Megan asks:

Do you believe in soul-sleep after death, where we will awake at the second coming, or that our spirits will be with God immediately after our death? I Googled this the other day, and found scriptural foundation for both answers. What does the church teach? What do you believe?

[This is a Q&A question that has been submitted through this blog. You can submit a question (anonymously if you like) here:]

Thanks for the question, someone asked me something very similar a number of years ago: Q&A – As an Anglican, what do you believe [about the intermediate state]? and I still agree with the substance of my answer.  The focus of that answer is the “What does the church teach?” question and goes to some of the doctrinal formularies, with some of my personal conclusions.  My position is  that after death we will be “with God” in some way, and this is prior to the Lord’s return and the time of general resurrection.

Turning to the “scriptural foundation” that you explored – there isn’t an absolute-proof-text to turn to.  The difficulty is, of course, that the focus of the gospel has more to do with our present state and our final state.  The question of any intermediate state is a technical question that isn’t precisely addressed.

There are, of course, many biblical references in which those who have died are referred to as sleeping – e.g Psalm 13:3, 1 Kings 2:10, John 11:11 etc. etc.  I am unable to find any reference, however, that suggests that this is anything more than imagery.  In fact, it is powerful imagery – sleep as an image of death, from the point of view of those left behind, speaks of both the absence of a person in death, and also the temporary nature of it in the gospel scheme of things.  It is the sense of “they are gone, but we will be reunited one day.”

On the other hand, there are other descriptions of post-death experiences that make very little, if any, sense if that experience is limited to a form of slumber.  Jesus’ assurance to the thief on the cross, that “today, you will be with me in paradise” is the famous example.  Similarly, in Revelation 6 we hear the voices of those who have been martyred, crying out in a loud voice,”How long, Sovereign Lord, holy and true, until you judge the inhabitants of the earth and avenge our blood?”  Clearly, this presumes a post-death, pre-resurrection-and-judgement, conscious existence!

Of course, one of the conceptual problems is as to what this non-sleeping intermediate state is actually like.  This question goes to theological anthropology, i.e. what is a human being after all?  Are we soul, spirit, and body, and what does that mean? Where is our personhood?  After all, Christian thought emphasises the value of the embodied self.  We affirm, for instance, that a violation of someone’s body is not just the wounding of flesh, it is an injury done to their person. It is why we (along with Jesus) mourn death, which is (at the very least), the ending of bodily function.  In the final state we are looking forward not towards an eternal disembodied state, but towards an immortally glorified bodily existence, an “eternal house”. Moreover, this is exactly what we understand of Jesus’ currrent existence as a physically resurrected human being: he has a human body that is real and glorified, and the first fruits of our final eternal life.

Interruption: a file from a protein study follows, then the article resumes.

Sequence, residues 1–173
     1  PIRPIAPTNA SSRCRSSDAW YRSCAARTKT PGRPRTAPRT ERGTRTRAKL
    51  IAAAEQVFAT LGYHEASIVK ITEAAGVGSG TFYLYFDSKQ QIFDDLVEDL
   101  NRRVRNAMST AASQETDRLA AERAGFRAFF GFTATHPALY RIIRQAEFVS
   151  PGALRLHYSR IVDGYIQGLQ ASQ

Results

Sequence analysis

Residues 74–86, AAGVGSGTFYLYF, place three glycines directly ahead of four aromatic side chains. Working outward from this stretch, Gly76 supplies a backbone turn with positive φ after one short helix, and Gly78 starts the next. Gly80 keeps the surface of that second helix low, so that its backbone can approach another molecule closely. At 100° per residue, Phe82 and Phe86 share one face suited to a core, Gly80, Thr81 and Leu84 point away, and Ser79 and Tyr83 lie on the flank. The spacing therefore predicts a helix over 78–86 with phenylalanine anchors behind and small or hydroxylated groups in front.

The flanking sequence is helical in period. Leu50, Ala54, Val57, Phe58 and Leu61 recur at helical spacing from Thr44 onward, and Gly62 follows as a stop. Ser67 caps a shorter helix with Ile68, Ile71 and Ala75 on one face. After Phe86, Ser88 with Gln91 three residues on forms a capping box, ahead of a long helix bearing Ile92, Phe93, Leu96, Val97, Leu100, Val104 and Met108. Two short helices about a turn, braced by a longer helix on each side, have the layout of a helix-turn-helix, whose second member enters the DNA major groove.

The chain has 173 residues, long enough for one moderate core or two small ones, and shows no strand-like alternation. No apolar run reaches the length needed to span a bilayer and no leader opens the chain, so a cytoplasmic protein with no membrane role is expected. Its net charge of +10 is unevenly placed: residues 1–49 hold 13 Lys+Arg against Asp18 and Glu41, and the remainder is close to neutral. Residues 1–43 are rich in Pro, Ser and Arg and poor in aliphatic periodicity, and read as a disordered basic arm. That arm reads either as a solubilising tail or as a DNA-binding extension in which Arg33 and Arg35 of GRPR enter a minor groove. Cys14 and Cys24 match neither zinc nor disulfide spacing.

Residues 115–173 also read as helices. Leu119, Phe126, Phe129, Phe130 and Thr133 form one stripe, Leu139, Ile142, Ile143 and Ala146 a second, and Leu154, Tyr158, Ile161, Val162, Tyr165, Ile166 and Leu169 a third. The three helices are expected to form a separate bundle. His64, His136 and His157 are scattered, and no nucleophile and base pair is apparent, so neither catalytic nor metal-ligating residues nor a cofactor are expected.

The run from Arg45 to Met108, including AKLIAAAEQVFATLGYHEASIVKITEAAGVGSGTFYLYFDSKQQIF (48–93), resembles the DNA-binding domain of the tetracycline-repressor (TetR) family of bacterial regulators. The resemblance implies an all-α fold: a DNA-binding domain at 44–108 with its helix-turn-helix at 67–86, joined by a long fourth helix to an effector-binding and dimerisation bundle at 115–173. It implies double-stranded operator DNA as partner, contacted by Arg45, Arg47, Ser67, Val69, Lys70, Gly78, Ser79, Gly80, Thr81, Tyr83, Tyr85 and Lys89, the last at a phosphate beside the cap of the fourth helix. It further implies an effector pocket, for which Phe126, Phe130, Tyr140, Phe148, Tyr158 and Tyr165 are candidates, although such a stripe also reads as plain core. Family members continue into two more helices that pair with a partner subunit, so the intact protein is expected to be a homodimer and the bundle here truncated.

So how do we conceive of  ourselves in a disembodied state, if this is what happens immediately after death?  This is where I don’t have a complete answer.  Some resolve it by suggesting that there is no intermediate state at all – sleeping or otherwise – and it’s just that time works differently in paradise and our experience of death is to jump ahead to the general resurrection.  I’m not convinced.  Others suggest (and I lean this way) that it is possible to conceive of personhood without physical referent, especially in an interim or temporary sense.  We are much more than our bodies:  Close your eyes and imagine someone who is very close to you… you will be thinking of and “experiencing” them as much more than just the recollection of their physical face, you are touching upon a deeper sense of who they are.

The biggest question, however, (as it is for many theological things), is “so what?”  What difference does it make to the gospel itself, to our proclamation of the gospel, or to our experience of living out the gospel?  In my reflection I am taking to think about how, while this world is our home, being with Jesus is even more so.  Our “enduring city” is not here.  As Gill and I pass through more and more seasons of life, especially difficult ones, we get a growing sense of what Paul alludes to in 2 Corinthians 5.  We are of “good courage” and make it our purpose to please Jesus in our earthly life. Yet, we “long to be at home with him” even if that is “absent from the body.”

So here is good news to me (although it is not the whole of the good news): I know that, when I die, I shall be at home with the Lord.  And it is hard to think of such a joyous existence being of nothing but sleep.

Anonymous asks:

Do you agree with the image at the link below regarding after death happenings?
[Image reproduced here]

Thanks for the question.  The answer is “mostly.”  It is a diagram that refers to the “intermediate state” – that state of existence between a person’s physical death and the return of Christ and the final judgement.  I’ve answered a question on this topic previously.

The diagram draws heavily on the Luke 16 parable of the Rich Man and Lazarus which portrays an existence in which there is a “great gulf” between the (righteous) Lazarus and Abraham and the (unrighteous) Rich Man.  I assume the word “paradise” is taken from Christ’s proclamation on the cross to the one crucified next to him.  “Tartarus” is a word from Greek Legend to do with the lowest reaches of the heavens and earth; it is not a biblical word and it is careless to use it.

Within the domain of “all humans” (circle on the left) you have a division between the “Power of Darkness” and the “Kingdom of Christ.”  There is tartaric doom for those who are in the power of darkness and the “unfaithful” in the kingdom of Christ.  I’m not sure what the originator is getting at here but this framework doesn’t sit well with me.  The simple demarcator is Christ as Messiah and those that are “in Christ” by covenant of grace through faith and those who are not.  I’m not too unhappy with “infants” being classified as those childlike innocents to which the Kingdom of God belongs but in my mind individualistic soteriological analysis such as this is unhelpful.  The people of God are in Christ in paradise when they die, that is all that needs be said.